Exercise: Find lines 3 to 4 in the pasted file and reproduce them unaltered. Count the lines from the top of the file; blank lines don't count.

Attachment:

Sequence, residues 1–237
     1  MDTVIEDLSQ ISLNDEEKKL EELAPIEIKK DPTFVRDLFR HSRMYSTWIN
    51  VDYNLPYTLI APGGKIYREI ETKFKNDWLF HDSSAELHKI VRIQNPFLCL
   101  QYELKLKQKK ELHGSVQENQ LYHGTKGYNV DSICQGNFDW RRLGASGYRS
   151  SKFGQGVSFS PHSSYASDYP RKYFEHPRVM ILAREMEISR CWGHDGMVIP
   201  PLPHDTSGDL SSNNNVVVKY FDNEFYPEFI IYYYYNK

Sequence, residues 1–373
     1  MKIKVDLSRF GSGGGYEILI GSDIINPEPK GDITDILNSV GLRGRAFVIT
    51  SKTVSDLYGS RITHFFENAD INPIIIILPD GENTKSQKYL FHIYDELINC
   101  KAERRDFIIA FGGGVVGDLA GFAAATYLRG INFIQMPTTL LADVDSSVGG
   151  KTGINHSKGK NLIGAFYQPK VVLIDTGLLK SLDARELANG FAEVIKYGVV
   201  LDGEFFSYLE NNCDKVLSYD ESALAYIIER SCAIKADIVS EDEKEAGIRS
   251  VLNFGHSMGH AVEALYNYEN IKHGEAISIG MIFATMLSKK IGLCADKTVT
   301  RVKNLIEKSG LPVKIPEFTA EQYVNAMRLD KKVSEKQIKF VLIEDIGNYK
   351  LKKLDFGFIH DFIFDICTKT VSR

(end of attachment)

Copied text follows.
    51  VDYNLPYTLI APGGKIYREI ETKFKNDWLF HDSSAELHKI VRIQNPFLCL
   101  QYELKLKQKK ELHGSVQENQ LYHGTKGYNV DSICQGNFDW RRLGASGYRS